Miscalibrated Internet Receptor Stalks

Plot Holes & Dismissal.

This post is collating some thoughts I had over on Rob's article earlier today, but also things I have discussed many times here on other forums. I am writing them here partly to start some discussion and partly so I have a clear, concise statement of these things to give me something to reference in future.

We go to the movies for a lot of different reasons. We go to be amazed and awed, we go to learn and discover, we go to cry and laugh. But all these things have something important in common: We go to experience. Every time we enter a movie theater, we are hoping for the same thing: That the movie takes us out of our lives and into some new, different, powerful place. That place could be the life of a struggling musician, or the furthest reaches of the galaxy, but we want to feel like we're there, we want to come out of the movie having truly experienced those things, having been transformed by them.


Contrary to what video game companies would have you believe, this feeling doesn't come from better graphics, nor does it come from having the movie projected in 3D or in stereoscopic sound. It comes from something much simpler and much more difficult. It comes from emotional connection, from empathizing with the characters and their situation, feeling their victories, their losses.

Viewed in this light, the emotional journey of your characters is paramount. Regardless of whether you're making Die Hard or Tree Of Life, the most important thing in your movie is that your characters feel real, their emotional stories and decisions ringing true.

What this means, simply and crudely is that "plot holes" don't really matter. Now, when I say this, I don't mean movie-breaking holes in the film's internal logic. Without rules, there can be no stakes, without stakes, there is no emotional connection. For example, a sudden, previously unmentioned solution to a problem presented as unsolvable robs your story of its momentum, undermines any peril your characters were in, and pulls you out of the movie. Holes of this nature can clearly be a problem.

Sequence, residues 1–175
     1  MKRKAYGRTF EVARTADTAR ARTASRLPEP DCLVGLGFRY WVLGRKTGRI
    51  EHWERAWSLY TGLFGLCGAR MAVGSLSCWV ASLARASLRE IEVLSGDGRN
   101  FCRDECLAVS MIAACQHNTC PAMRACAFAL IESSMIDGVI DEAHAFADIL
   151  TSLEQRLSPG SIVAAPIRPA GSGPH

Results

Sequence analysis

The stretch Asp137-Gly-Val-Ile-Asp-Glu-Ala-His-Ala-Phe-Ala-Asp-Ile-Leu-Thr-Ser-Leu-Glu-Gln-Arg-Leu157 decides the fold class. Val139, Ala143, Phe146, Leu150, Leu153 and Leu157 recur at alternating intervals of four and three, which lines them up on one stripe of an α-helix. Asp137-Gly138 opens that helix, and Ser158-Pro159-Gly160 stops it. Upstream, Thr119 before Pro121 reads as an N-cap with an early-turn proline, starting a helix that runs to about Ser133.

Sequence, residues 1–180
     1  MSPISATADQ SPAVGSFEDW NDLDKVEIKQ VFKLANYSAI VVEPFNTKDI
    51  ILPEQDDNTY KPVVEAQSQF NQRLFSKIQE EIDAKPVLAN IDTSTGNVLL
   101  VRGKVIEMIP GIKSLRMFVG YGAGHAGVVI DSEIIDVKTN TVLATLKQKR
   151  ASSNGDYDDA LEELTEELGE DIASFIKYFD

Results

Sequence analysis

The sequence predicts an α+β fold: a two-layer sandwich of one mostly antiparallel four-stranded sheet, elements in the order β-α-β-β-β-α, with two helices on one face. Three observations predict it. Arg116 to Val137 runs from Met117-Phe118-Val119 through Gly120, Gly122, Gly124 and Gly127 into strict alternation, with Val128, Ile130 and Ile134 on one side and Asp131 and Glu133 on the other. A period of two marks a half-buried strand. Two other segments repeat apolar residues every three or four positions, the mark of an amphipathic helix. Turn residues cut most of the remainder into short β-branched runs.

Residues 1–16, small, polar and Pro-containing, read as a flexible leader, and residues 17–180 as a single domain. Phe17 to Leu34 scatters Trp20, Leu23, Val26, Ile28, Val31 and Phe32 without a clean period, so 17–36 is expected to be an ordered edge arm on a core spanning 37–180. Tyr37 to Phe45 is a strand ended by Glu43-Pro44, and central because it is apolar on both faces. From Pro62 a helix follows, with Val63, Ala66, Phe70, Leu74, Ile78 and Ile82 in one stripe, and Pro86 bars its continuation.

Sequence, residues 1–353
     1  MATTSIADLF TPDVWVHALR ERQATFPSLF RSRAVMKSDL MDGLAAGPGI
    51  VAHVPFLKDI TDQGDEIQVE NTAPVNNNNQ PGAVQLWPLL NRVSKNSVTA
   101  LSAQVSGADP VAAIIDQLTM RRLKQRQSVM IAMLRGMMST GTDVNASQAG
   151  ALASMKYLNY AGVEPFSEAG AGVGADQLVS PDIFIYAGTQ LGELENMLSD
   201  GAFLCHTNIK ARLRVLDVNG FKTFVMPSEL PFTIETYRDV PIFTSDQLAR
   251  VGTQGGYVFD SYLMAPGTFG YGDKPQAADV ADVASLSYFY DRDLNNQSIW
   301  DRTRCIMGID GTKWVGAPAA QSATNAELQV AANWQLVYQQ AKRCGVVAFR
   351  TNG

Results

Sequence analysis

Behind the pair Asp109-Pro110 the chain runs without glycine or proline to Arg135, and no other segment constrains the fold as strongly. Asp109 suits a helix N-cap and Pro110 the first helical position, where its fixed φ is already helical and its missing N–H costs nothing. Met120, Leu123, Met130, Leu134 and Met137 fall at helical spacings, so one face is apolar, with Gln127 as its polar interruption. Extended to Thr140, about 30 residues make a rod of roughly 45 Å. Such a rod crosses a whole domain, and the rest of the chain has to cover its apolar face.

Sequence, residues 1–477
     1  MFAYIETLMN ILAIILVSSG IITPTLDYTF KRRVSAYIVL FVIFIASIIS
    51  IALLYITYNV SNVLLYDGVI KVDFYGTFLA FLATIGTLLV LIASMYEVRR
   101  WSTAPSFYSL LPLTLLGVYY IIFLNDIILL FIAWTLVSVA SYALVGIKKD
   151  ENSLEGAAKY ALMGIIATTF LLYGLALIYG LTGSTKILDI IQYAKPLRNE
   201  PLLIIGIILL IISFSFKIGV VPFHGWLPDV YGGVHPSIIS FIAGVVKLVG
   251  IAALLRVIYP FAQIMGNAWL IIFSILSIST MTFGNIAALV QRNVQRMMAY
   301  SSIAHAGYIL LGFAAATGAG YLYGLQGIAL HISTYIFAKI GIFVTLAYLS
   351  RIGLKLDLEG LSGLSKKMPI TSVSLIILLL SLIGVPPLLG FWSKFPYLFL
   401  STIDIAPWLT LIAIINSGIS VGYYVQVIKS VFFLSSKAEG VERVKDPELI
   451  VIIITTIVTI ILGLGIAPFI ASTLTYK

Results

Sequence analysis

But if you look through the plethora of "A things wrong with B movie" and "Z errors in the films of 201X" lists that litter the internet, most so-called plot holes are more of the nature "How did Steve get to Wyoming so quickly?" and "How did James know that Sarah would be there at 4pm exactly?" Hardly internal-logic-defying leaps. Simple "problems" with simple solutions. For the most part, a single line of dialogue or throwaway shot would solve these problems. So, I hear you all cry, why do they not think to put such a simple fix in there. Well, you hear me answer, because they know that it doesn't matter!


Adding in that line of dialogue or throwaway shot won't make you feel any more connected to the character, won't help you see some nuance of the situation, won't deepen your emotional connection to the themes. At best it would be dead air, at its worst it would actually take you out of the movie while you wondered why they even mentioned it.

Critiquing movies this way misunderstands why we go to the cinema, and hence misunderstands what makes a great movie great, and what makes a bad movie bad. It encourages a form of criticism that ranges from encouraging nitpicking to actively encouraging a by-the-numbers, logical style of moviemaking which urges robbing cinema of its magic, majesty and power.

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